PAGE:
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Be a Hero, Save a life

Whether in classic fictions or in real life, summer and safety tragically don’t always mix. In the DC metropolis, an estimated 10% increase in crime activities take place every summer (NBC 10 News. As described by a police chief during an interview, “Typically what we see around here [is that] as the temperature rises, you have more violence.” Obviously, the majority of these unexpected, dangerous situations would be handled by the police, however, oftentimes we can be the hero of the day and save a soul from harm’s way.

A case in point is William McNamara, a graduated senior from Richard Montgomery High School who spotted an unusual exchange between a young girl and a strange male at a metro station. After noticing irregularities, William bravely stepped into the situation. 

“I was at the DuPont Circle Station on my way to my internship in DC. I was in a bit of a rush but I spotted a small girl with a suitcase and a strange-looking man standing behind her with a camera,” described William.

“I could tell she looked uncomfortable so I went over. I stood between the man and her because I remember that in these situations predators are afraid of confrontation when there are people around.”

William eventually helped the girl reunite with her mother, who was frantically searching for her daughter at the platform.

According to the US Department of Health and Human Services, on average of a day, four minors across the United States will die from abuse and violence. However, this figure is largely understated, for these cases are more difficult to classify and not always reported. Sometimes, it takes months, even years, to confirm criminal allegations. While the majority of the underage victims are between the ages of one and five, adolescents constitute 16%. In the Washington DC metropolis, human trafficking remains a major concern, particularly for teens.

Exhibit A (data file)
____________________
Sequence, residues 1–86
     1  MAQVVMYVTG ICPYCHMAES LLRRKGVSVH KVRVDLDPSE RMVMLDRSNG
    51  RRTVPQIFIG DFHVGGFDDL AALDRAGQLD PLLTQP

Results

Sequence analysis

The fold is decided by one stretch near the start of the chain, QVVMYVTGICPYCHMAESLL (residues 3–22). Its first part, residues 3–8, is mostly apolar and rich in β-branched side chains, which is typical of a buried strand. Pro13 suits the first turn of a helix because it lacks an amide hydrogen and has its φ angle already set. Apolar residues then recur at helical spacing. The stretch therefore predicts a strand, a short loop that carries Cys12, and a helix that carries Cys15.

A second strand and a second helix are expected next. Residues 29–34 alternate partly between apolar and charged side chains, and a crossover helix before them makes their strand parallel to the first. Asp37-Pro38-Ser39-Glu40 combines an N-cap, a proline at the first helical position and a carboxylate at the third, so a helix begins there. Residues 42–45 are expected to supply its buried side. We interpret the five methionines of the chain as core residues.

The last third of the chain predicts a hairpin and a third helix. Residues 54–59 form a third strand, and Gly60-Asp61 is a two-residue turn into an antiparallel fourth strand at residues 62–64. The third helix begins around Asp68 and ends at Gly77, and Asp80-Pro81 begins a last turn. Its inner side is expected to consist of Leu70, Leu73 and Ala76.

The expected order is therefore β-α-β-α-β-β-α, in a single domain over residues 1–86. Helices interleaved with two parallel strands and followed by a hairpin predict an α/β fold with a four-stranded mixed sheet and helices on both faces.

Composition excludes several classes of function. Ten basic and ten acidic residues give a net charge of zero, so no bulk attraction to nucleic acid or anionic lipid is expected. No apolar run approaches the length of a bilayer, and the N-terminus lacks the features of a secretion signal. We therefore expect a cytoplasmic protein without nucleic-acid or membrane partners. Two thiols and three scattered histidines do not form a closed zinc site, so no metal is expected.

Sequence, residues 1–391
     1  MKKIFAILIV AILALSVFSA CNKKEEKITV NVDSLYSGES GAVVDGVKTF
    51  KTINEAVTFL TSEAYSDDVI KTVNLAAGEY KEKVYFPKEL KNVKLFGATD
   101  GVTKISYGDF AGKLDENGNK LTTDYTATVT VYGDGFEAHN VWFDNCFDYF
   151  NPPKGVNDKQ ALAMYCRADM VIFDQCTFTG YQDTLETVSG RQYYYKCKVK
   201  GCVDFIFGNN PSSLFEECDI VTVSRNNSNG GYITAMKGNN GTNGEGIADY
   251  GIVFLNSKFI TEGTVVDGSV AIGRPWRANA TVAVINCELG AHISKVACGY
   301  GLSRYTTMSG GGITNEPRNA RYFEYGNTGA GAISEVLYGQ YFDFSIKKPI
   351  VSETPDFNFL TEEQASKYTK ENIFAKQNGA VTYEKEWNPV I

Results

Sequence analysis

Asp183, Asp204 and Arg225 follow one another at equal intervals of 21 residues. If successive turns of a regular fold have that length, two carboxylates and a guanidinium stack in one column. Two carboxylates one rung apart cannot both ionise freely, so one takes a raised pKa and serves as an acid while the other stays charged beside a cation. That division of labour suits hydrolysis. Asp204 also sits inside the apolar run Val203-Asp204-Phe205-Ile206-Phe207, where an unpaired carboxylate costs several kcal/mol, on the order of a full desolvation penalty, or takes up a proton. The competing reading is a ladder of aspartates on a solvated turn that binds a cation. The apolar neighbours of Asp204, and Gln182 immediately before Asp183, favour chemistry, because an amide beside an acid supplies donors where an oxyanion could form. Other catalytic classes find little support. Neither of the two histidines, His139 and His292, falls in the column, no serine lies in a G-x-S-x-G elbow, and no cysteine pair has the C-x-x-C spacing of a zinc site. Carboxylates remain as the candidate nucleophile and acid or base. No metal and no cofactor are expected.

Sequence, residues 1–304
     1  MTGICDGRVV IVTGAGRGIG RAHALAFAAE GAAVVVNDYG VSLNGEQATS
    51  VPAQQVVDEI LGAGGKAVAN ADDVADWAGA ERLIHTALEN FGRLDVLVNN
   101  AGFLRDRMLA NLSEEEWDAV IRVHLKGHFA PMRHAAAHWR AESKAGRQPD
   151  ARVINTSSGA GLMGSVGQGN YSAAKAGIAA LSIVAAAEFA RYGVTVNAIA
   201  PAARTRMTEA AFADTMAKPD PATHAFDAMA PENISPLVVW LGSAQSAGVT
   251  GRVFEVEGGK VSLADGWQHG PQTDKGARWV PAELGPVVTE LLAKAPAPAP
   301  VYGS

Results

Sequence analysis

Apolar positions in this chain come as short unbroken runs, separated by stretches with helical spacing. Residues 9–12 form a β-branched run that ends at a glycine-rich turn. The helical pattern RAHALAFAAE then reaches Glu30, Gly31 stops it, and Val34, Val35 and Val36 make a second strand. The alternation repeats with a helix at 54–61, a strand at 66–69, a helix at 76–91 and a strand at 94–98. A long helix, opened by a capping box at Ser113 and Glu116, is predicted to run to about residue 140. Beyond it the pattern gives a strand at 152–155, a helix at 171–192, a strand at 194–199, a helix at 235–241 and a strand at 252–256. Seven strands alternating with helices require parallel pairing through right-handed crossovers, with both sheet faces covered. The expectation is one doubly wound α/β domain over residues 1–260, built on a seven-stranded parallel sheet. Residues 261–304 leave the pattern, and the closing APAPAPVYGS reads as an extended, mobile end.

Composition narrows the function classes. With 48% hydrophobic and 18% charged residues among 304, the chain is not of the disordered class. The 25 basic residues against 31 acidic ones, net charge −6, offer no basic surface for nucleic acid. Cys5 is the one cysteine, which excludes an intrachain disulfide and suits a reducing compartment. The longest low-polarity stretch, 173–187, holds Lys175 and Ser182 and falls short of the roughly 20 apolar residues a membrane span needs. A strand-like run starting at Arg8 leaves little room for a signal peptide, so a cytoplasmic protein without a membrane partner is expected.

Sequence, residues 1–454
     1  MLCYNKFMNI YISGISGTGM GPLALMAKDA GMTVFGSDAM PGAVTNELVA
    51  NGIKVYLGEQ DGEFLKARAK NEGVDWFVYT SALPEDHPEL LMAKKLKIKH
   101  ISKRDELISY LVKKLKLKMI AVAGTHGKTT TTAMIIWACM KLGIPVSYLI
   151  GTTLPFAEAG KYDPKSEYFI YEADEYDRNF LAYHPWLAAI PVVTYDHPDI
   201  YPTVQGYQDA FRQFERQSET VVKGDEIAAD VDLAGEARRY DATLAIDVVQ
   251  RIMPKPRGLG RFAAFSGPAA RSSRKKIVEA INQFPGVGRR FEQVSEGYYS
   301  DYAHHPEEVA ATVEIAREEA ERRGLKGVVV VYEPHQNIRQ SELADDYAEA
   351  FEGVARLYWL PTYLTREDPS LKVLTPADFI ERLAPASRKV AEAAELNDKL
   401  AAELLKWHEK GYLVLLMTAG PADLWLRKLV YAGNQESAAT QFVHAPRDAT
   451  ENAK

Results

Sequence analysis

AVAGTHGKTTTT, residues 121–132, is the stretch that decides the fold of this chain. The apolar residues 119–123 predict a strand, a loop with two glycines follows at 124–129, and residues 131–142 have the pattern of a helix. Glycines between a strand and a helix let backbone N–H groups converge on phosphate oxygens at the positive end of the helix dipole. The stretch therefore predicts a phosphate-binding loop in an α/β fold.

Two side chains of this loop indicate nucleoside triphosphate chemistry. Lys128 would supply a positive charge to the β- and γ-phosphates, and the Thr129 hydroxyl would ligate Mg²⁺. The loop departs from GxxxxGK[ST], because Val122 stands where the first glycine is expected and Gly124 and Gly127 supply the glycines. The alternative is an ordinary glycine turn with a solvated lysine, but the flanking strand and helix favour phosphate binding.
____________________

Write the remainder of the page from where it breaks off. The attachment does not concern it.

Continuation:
Both sociologists and criminal investigators have raised concerns over negligence and passivity. Especially after the recent abduction cases in Cleveland, which attracted tremendous media attention, many have questioned the negative impacts of bystander apathy on public safety. 

Just a little attention from a passer-by may just save a life. Though no one wants to dial 9-1-1 all the time, there are many telling signs of an unusual situation, for example, fresh, noticeable, untended injuries, frightened facial expression, and/or outright cries for help.

For William, saving the little girl had made his day, “I was very late to work that morning, but my boss understood and actually took me out to lunch when he heard why.”

“I think it’s just important to understand that the Police can’t be everywhere. Things may seem normal to bystanders, but it’s also easy to tell through body language when a line has been crossed. And sometimes it’s necessary to step in and help or tell someone who can because it could save them from something too terrible to imagine.”

To seek more information about resolving precarious non-emergencies, consult the following resources:
1. Montgomery County Crisis Center:
2. Dept. of Health and Human Services
3. DC domestic violence in-take center

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